Part of Maria's query involves our relationship to the body of Christ, as indicated here:
Yet we are the body of Christ. No part of the body can exist without the others says St. Paul. We are the light of the world says Jesus. Christ has no body but ours says St. Teresa.
In the Sherlock Holmes mystery The Sign of the Four, Holmes once said to Watson "when you have eliminated the impossible, whatever remains, however improblable, must be the truth." Several centuries later, Mr. Spock said this to Scotty in Star Trek VI: The Undiscovered Country while trying to find evidence that would exhonerate Capt. Kirk (making the claim, incedentally, that he was quoting an ancestor of his). All in all, its a pretty good rule of thumb. We know that we ourselves do not have a divine nature (from the previous post), so now what remains is the question of how we can be members of the body of Christ.
The first thing to be mindful of is that the fact that we are the body of Christ is almost always expressed with the word "mystical" in front of it, indicating something of a mystery. The exact and precise nature of it is not known, although certain things about it can be deduced. Unless a council or pope decides to comment further on this in an infallible manner, the mystery of it all is quite likely here to stay.
I am by no means a trained or expert theologian. If you want a more professional opinion, I would suggest going to EWTN or Catholic Answers. Lord knows they're a lot better at this than I'll be for a very long time, if ever. It seems to me, though, that what St. Paul and others who refer to the Church as the body of Christ (and if you look at Colossians 1, it does become clear that the Church is what St. Paul is describing by that phrase) are trying to express is that the Church is united in a very special way, not just to its members, but also to Christ Himself. She is a living institution. Christ did not just wind her up like a clock and let it tick, but constantly guides and sanctifies her through the Holy Spirit. Through membership in the Church, we "partake in the Divine nature" (2 Pet. 1:4) This would not indicate that divinity is naturally a part of our essence, but that God, for the sake of our santification and out of His infinite love and mercy, allows us to partake of His own essence, which is divine, so that we may be perfected and made worthy to be called His children.
I have given the matter of just how God makes this occur quite a bit of thought, and no matter what explanation I think of, there is one constant in every variation: the sacraments. However this wonderful mystery occurs, it is almost certainly done through the exemplars of Christ's love, the seven sacraments, especially the Eucharist, which St. Paul called "a sharing in the body of Christ" (1 Cor. 10:16). And that is about as far as my own limited skills take me in attempting to explain the matter.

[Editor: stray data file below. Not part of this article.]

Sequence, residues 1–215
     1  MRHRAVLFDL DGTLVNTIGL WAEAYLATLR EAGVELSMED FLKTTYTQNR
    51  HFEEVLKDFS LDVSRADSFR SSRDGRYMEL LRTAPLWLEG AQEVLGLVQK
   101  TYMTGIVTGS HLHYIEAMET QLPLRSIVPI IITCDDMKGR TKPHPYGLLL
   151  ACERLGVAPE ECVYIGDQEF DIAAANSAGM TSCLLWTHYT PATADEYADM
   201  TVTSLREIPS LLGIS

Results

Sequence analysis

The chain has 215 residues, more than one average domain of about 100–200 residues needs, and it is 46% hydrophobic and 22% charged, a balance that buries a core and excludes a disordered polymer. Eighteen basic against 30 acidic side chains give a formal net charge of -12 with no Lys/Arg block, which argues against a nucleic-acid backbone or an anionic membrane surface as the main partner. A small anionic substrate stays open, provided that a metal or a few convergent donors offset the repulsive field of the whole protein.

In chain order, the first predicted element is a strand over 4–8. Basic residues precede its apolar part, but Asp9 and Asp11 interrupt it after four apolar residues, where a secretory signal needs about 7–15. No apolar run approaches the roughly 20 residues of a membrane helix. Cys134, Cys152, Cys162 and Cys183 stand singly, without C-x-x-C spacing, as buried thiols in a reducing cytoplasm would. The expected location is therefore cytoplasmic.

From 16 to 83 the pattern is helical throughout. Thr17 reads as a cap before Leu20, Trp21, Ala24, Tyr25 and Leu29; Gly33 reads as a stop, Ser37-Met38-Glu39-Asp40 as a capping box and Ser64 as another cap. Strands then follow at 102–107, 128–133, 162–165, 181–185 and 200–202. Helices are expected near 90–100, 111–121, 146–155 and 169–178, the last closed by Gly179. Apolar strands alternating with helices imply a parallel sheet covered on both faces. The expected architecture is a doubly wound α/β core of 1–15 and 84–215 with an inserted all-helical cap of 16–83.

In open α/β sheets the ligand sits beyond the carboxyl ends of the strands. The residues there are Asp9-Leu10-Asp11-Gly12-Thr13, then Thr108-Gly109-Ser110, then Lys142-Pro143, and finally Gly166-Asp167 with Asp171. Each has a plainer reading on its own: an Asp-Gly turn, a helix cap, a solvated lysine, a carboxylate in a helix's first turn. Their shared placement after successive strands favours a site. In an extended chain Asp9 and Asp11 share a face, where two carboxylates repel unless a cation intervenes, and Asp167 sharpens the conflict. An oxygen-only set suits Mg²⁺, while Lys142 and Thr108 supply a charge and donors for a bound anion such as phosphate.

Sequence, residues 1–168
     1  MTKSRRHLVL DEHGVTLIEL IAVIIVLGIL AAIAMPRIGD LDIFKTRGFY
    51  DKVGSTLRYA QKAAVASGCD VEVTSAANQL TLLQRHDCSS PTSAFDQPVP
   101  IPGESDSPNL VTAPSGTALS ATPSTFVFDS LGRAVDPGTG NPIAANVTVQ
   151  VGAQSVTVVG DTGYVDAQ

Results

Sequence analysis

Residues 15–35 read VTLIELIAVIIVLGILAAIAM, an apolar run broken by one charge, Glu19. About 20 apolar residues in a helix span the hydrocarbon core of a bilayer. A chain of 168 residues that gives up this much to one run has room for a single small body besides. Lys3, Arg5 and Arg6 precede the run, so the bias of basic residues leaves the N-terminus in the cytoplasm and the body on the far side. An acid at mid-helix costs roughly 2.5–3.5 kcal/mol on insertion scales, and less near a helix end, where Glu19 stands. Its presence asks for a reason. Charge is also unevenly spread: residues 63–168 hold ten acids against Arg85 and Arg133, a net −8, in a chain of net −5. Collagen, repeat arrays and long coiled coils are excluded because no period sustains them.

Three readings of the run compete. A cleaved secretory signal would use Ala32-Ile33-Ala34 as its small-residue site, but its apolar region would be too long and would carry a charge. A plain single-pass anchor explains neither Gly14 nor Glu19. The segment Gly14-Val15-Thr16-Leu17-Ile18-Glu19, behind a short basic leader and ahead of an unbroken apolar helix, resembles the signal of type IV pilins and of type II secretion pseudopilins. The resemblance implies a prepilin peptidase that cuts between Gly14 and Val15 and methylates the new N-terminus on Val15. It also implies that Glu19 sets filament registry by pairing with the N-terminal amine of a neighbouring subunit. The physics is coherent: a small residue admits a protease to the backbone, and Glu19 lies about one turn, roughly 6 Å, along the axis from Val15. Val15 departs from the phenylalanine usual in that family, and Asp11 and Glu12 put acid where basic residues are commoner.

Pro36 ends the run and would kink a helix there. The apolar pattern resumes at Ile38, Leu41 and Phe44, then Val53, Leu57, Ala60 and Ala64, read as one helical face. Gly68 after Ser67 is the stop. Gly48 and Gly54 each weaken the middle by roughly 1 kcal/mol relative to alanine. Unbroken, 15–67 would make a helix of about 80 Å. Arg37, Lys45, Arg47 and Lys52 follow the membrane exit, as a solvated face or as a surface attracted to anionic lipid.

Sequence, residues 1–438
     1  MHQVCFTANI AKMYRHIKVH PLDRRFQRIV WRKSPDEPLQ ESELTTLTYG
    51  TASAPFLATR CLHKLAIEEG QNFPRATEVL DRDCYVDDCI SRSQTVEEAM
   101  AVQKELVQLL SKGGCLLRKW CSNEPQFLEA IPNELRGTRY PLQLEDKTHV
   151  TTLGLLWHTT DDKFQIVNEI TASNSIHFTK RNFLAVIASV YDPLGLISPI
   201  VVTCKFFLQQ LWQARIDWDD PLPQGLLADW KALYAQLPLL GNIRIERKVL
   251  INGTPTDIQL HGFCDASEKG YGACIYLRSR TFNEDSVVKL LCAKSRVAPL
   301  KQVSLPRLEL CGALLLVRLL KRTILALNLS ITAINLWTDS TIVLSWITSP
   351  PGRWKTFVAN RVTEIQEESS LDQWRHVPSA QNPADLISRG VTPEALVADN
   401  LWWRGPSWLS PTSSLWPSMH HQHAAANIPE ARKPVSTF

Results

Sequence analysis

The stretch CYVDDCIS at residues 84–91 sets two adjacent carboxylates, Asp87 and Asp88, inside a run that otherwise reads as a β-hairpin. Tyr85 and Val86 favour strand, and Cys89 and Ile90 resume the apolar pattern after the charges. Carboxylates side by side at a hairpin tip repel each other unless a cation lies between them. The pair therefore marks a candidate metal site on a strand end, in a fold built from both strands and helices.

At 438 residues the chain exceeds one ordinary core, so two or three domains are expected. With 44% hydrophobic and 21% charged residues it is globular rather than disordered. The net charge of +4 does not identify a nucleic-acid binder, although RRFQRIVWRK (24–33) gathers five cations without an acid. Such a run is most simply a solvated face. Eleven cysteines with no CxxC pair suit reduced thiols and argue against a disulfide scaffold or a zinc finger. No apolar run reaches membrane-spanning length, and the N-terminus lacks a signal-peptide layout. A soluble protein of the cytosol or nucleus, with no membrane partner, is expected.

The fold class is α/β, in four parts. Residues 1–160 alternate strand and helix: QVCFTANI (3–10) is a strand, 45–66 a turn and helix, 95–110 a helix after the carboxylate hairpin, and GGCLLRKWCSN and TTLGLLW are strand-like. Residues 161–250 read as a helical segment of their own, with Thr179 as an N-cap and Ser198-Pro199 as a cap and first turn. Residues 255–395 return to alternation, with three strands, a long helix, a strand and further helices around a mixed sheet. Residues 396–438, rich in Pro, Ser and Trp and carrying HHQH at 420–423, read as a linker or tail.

Now, like the true Thomist that I am, comes everybody's favorite part, the "reply to the objections", as it were.
I think I'll address sentence three of that paragraph first. To put it bluntly, that has nothing to do whatsoever with the issue.
The line from St. Teresa is actually a misquote. It should actually read: “Christ has no body now on earth but ours, no hands but ours, no feet but ours." (emphasis added) With that, the meaning of what she said becomes fairly clear, that we must carry on the work of Christ here on Earth because He is not here, or in other words "As the Father sent me, so I send you."(Jn. 20:21)
With regards to the St. Paul quote, I used a concordance, I used the Douay-Rheims search engine, and with neither could I find that particular arraingement of words. 1 Corinthians 12 perhaps comes the closest (though there were many like it), saying "For in one Spirit were we all baptized into one body, whether Jews or Gentiles, whether bond or free; and in one Spirit we have all been made to drink. For the body also is not one member, but many. If the foot should say, because I am not the hand, I am not of the body; is it therefore not of the body?" In this, St. Paul is speaking of the necessity for unity among the early Christian communities, and of the importance of using the diversity of gifts and talents the people have for the common good, and not solely their own.
+Ad Majorem Dei Gloriam+
"If I have taught anything false, I leave correction of it to the Roman Catholic Church."Clarification
-St. Thomas Aquinas, In Articulo Mortis
: Ok, I've been getting a few comments and questions about the post as of late, so I'm going to make a clarification on the matter, lest I be known as a heretic. The post is loosely based on the layout of any given article in Aquinas' Summa
. First the opposing arguments, then the main argument, then responses to the arguments presented. For me, the main argument, the corpus
, occurs after the block quote of Maria and ends with me saying "And that is about as far as my own limited skills take me". So the majority of my thoughts on the Mystical body of Christ are contained there. With the rest, I am responding to her own arguments, which do, yes, focus exclusively on one particular facet of the MBOC (and then mis-interprets the aspect). Such is the nature of errors, that all truths about a thing are not balanced, and are the meanings likely distorted. Were I Aquinas, I probably could have (and should have) presented an array of arguments which brought out more than one aspect of the doctrine, but alas, I am merely David. Many apologies about the confusion.